Diagnostic vs. incentive spirometry: Evidence and indications
For people with lung diseases, pulmonary function tests are a standard part of their clinical management plan. There are many types of pulmonary function with the most commonly known being spirometry. Whenever the term “spirometry” is used, most people probably think of diagnostic spirometry, which measures the basic parameters of pulmonary function measurements: Forced expiratory volume in the first second (FEV1), forced vital capacity (FVC), the ratio between the two (FEV1/FVC), percent predicted of FEV1 (ppFEV1), percent predicted FVC (ppFVC), just to name a few. Diagnostic spirometry is used in the diagnosis and management of lung diseases such as asthma and chronic obstructive pulmonary disease (COPD). There is also incentive spirometry, which is not used to diagnose lung diseases, but serves a much different role.
Incentive spirometry should not be viewed as a way to manage lung function or health. Instead, incentive spirometry should be viewed as a form of pulmonary rehabilitation, intended to be treated less as a tool for clinical evaluation and more as a tool to exercise the lungs.* Commonly used in physical, speech, and pulmonary therapy, incentive spirometry utilizes visual feedback to encourage the patient to breathe in slowly and deeply.* For a patient to receive the most benefit possible from incentive spirometry, slow inspiration is required to stretch the lungs and airways, much like a yawn or sigh.* In practice, despite using the same pulmonary mechanisms of inspiratory and expiratory breathing, incentive spirometry is conducted differently from diagnostic spirometry. Intended to encourage deep, slow breaths the incentive spirometry device provides feedback at a preset inspiratory flow.*
This form of pulmonary rehabilitation helps to encourage breathing, exercises an individual’s lungs, may help clear mucus, and promotes lung expansion.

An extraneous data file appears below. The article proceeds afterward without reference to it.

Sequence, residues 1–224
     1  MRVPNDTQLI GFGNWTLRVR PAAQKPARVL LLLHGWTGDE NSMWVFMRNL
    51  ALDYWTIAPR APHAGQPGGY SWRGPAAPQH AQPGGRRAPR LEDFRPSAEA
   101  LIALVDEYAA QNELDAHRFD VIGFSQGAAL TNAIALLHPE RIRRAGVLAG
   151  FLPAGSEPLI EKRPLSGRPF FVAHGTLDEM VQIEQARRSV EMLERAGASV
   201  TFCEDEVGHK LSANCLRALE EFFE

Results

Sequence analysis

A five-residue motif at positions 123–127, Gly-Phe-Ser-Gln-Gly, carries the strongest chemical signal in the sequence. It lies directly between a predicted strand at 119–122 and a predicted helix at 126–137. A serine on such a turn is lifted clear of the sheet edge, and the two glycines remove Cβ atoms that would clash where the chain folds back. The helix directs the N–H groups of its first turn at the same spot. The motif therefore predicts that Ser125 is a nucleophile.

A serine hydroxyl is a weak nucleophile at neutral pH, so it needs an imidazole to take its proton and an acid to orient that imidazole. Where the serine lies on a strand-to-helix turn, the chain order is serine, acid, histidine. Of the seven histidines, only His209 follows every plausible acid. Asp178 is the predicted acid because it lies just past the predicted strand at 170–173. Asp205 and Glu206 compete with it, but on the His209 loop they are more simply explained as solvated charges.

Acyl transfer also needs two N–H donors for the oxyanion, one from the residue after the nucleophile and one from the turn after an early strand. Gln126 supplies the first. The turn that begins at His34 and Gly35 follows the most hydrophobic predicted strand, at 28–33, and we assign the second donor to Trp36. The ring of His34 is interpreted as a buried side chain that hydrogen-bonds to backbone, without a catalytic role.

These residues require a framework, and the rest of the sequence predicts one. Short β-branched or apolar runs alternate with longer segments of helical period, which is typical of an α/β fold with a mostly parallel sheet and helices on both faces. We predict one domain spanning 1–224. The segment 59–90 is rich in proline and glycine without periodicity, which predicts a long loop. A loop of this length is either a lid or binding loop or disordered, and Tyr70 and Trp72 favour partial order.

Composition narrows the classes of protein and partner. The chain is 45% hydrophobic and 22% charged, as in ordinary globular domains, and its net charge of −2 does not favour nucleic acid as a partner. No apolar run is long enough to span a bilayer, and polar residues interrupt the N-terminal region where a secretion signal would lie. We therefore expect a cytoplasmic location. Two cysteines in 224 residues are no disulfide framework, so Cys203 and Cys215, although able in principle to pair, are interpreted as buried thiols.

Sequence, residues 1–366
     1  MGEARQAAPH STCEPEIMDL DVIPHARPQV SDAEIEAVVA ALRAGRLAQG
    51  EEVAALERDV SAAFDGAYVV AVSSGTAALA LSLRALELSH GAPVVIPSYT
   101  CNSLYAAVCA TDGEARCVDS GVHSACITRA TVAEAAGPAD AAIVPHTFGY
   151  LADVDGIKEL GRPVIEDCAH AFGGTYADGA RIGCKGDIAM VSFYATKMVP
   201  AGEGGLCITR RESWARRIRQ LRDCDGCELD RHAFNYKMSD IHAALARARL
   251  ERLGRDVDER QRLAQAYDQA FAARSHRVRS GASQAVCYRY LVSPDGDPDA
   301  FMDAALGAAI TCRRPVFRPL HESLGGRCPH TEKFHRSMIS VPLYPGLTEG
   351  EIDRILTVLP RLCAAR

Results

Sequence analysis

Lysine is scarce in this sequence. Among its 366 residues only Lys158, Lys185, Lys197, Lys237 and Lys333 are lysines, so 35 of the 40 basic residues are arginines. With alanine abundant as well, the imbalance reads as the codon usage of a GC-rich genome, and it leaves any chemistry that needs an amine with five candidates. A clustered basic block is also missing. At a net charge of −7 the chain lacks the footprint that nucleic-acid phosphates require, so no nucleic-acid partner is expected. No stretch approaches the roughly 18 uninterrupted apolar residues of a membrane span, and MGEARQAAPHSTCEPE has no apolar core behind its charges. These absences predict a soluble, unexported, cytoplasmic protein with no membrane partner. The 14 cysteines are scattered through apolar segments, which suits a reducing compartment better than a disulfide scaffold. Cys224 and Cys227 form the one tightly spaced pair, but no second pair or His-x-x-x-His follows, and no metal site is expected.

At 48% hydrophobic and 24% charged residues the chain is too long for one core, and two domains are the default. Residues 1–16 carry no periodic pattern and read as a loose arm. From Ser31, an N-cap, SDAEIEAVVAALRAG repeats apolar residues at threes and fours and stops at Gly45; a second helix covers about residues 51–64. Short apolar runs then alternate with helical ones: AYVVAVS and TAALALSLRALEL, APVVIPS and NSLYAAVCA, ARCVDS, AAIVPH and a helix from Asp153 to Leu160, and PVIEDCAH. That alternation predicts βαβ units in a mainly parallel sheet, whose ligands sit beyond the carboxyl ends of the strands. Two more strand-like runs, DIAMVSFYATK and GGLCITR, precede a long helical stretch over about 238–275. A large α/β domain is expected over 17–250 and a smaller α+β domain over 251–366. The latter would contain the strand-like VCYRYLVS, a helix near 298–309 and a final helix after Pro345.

Diagnostic spirometry, on the other hand, is exactly as the name states: A clinical evaluation used to diagnose (and monitor) lung diseases. Diagnostic spirometry is the clinical standard; it’s the most comprehensive and precise form of measuring how a person’s lungs are functioning. This form of clinical investigation requires the use of a specialized device, such as ndd’s EasyOne Air and Easy on-PC spirometers, to measure the flow of air from the individual taking the test into a multitude of spirometry measurements. Some measurements can have independent significance, such as FEV1 which can help distinguish between obstructive or restrictive lung disease.
The Global Initiative for Asthma and Global Initiative for Obstructive Lung Disease, the leading global organizations for asthma and COPD, respectively, both describe the use of diagnostic spirometry measurements in confirming a diagnosis for the conditions as well as a standard part of managing both conditions. Spirometry is such a crucial part of managing asthma and COPD on a global scale that its underutilization is one of the driving reasons for under-diagnosis of both conditions worldwide. Further, spirometry is performed quarterly as part of routine management of cystic fibrosis, with one study finding that routine spirometry was associated with higher rates of diagnosis and treatments of exacerbations with potential long-term ramifications in pulmonary function due to the importance of treating exacerbations as early as possible.* Moreover, diagnostic spirometry (also sometimes called “office spirometry”), has indications outside of diagnosing asthma and COPD. It has more diagnostic uses, such as evaluating patients with shortness of breath, screening individuals at risk of pulmonary diseases, or assessing preoperative risk, prognosis, or health status prior to a strenuous physical activity program; it also has monitoring indications, including assessing the efficacy of a therapeutic intervention or monitoring people exposed to injurious agents at work; diagnostic spirometry even has public health implications, such as being used in epidemiologic surveys or clinical research.*
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Spirometry is a pulmonary function test that measures how much and how forcibly one can exhale after a deep inhale. Incentive spirometry is a specific type of spirometry that aims to encourage people to breathe deeply intentionally but does not provide a measurement or inform management of chronic lung diseases. Diagnostic spirometry, on the other hand, is a comprehensive, precise way of measuring lung function. Diagnostic spirometry can be used to diagnose people with lung disease and, upon diagnosis, becomes a crucial part of managing lung diseases.